Briery:

I think of California Zinfandel when the term briery comes into play, denoting that the wine is aggressive and rather spicy.

Brilliant:

Brilliant relates to the color of the wine. A brilliant wine is one that is clear, with no haze or cloudiness to the color.

Browning:

As red wines age, their color changes from ruby/purple to dark ruby, to medium ruby, to ruby with an amber edge, to ruby with a brown edge. When a wine is browning it is usually fully mature and not likely to get better.Wine Bar Chiang Mai Thailand

Carbonic maceration:

This vinification method is used to make soft, fruity, very accessible wines. Whole clusters of grapes are put into a vat that is then filled with carbonic gas. This system is used when fruit is to be emphasized in the final wine in contrast to structure and tannin.

Cedar:

Rhône reds can have a bouquet that suggests either faintly or overtly the smell of cedar wood. It is a complex aspect of the bouquet.

Chewy:

If a wine has a rather dense, viscous texture from a high glycerin content, it is often referred to as being chewy. High-extract wines from great vintages can often be chewy, largely because they have higher alcohol hence high levels of glycerin, which imparts a fleshy mouthfeel.

Closed:

The term closed is used to denote that the wine is not showing its potential, which remains locked in because it is too young. Young wines often close up about 12-18 months after bottling, and depending on the vintage and storage conditions, remain in such a state for several years to more than a decade.

Complex:

One of the most subjective descriptive terms used, a complex wine is a wine that the taster never gets bored of, and finds interesting to drink. Complex wines tend to have a variety of subtle scents and flavors that hold one’s interest in the wine.

Concentrated:

Fine wines, whether they are light, medium, or full-bodied, should have concentrated flavors. Concentrated means that the wine has a depth and richness of fruit that gives it appeal and interest. Deep is a synonym for concentrated.

Corked:

A corked wine is a flawed wine that has taken on the smell of cork as a result of an unclean or faulty cork. It is perceptible in a bouquet that shows no fruit, only the smell of musty cork, which reminds me of wet cardboard.

Cuvée:

Many producers in the Rhône Valley produce special, deluxe lots of wine or a lot of wine from a specific grape variety that they bottle separately. These lots are often referred to as cuvées.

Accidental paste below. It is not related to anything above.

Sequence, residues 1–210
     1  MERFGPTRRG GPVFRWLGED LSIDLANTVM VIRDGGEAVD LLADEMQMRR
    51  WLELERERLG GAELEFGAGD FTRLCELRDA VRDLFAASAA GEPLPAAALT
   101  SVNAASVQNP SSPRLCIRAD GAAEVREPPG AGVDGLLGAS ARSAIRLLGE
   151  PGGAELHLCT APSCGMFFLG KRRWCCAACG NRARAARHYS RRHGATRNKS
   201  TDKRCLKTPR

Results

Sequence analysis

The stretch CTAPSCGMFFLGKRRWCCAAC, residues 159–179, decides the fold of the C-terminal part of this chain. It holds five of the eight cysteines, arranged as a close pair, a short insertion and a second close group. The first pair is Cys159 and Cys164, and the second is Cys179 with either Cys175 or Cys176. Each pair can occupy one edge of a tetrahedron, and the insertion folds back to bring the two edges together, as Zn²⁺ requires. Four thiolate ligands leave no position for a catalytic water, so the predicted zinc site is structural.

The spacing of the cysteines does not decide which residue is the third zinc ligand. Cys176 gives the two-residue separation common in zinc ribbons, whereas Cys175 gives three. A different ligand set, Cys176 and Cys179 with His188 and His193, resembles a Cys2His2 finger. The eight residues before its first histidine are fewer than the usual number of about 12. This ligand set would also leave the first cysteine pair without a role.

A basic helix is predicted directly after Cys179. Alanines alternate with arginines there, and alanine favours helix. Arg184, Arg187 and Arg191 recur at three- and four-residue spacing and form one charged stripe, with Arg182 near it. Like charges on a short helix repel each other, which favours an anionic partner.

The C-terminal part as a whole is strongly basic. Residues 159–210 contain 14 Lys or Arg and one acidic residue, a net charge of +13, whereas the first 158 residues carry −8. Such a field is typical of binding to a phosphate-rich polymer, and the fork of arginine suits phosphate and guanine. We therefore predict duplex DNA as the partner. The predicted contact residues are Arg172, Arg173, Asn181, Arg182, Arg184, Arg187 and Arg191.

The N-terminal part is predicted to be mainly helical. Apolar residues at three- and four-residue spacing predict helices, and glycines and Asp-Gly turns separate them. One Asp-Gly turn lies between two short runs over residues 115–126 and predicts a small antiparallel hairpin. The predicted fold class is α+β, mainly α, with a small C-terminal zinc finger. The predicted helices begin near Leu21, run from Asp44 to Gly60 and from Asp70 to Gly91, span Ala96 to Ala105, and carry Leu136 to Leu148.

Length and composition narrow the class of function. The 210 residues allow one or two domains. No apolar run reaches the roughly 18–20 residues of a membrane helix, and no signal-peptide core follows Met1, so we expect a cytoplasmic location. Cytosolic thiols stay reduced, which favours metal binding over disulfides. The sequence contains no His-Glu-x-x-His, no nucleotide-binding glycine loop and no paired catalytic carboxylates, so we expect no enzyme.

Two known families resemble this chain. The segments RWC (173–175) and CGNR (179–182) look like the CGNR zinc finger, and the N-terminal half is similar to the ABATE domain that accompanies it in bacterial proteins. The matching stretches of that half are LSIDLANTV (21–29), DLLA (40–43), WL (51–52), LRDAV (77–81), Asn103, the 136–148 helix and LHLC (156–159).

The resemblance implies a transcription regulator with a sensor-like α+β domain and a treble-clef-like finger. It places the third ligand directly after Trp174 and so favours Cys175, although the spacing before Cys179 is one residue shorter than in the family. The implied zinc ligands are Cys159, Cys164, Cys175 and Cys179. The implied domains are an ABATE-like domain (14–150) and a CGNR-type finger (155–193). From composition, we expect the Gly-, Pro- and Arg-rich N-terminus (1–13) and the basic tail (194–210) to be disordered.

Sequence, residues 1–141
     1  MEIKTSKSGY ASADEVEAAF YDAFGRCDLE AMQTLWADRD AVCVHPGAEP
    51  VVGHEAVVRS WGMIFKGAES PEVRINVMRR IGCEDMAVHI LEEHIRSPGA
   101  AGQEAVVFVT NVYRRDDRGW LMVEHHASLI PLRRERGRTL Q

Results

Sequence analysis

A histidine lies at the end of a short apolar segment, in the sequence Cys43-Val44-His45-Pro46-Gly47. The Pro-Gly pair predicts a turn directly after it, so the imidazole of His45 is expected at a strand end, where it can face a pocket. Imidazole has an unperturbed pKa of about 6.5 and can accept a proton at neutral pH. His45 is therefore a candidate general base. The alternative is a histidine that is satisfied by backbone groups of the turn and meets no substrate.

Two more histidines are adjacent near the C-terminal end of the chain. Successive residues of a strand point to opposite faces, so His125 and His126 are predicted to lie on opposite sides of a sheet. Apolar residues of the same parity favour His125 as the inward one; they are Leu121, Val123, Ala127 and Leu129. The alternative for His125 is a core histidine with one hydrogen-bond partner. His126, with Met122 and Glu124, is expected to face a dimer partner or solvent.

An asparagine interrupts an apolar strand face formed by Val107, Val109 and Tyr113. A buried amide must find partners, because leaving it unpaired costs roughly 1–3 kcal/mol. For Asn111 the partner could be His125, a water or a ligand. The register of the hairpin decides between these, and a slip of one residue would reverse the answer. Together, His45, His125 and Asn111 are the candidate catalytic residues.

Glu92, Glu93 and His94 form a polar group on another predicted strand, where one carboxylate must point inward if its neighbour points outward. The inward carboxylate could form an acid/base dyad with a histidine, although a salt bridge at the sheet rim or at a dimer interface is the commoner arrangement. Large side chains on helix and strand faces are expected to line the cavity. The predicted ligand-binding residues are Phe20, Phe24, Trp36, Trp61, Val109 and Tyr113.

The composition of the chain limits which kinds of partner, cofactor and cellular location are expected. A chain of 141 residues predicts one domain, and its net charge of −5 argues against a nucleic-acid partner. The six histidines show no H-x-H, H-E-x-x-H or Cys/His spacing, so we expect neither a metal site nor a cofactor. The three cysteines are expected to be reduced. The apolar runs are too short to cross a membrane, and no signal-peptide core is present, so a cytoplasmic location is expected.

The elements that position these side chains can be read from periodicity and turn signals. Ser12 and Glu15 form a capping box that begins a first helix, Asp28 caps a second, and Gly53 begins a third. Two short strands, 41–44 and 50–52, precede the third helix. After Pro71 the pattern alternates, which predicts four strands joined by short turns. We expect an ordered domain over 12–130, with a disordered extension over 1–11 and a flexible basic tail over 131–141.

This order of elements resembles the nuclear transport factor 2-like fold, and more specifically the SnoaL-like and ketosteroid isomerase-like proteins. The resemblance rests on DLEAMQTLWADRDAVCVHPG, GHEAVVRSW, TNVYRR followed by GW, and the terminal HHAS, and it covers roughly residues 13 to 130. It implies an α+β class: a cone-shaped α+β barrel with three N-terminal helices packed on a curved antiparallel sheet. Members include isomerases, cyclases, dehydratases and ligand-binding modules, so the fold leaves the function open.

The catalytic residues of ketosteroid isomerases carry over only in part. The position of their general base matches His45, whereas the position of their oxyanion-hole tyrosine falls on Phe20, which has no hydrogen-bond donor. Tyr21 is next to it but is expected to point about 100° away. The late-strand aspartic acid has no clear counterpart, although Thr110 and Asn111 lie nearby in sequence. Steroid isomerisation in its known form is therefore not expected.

Decadent:

If you are an ice cream and chocolate lover, you know the feeling of eating a huge sundae of rich vanilla ice cream lavished with hot fudge and real whipped cream. If you are a wine enthusiast, a wine loaded with opulent, even unctuous layers of fruit, with a huge bouquet, and a plump, luxurious texture can be said to be decadent.

Deep:

Essentially the same as concentrated, expressing the fact that the wine is rich, full of extract, and mouth filling.

Delicate:

As this word implies, delicate wines are light, subtle, understated wines that are prized for their shyness rather than for an extroverted, robust character. White wines are usually more delicate than red wines. Few Rhône red wines can correctly be called delicate.

Demi-muid:

650-liter Burgundy barrels which are essentially the equivalent of three regular barrels.

Diffuse:

Wines that smell and taste unstructured and unfocused are said to be diffuse. When red wines are served at too warm a temperature they often become diffuse.

Double decanting:

This is done by first decanting the wine into a decanter and then rinsing the original bottle out with non-chlorinated water and then immediately re-pouring the wine from the decanter back into the bottle. It varies with the wine as to how long you cork it.

Dumb:

A dumb wine is also a closed wine, but the term dumb is used more pejoratively. Closed wines may need only time to reveal their richness and intensity. Dumb wines may never get any better.Red Wine Chocolate Pacific City Club Bangkok Thailand Wine Tasting

Earthy:

May be used in both a negative and a positive sense; however, I prefer to use earthy to denote a positive aroma of fresh, rich, clean soil. Earthy is a more intense smell than woody or truffle scents.

Elegant:

Although more white wines than red are described as being elegant, lighter-styled, graceful, balanced red wines can be elegant.

Extract:

This is everything in a wine besides water, sugar, alcohol, and acidity.

Exuberant:

Like extroverted, somewhat hyper people, wines too can be gushing with fruit and seem nervous and intensely vigorous.

See you soon for the next part!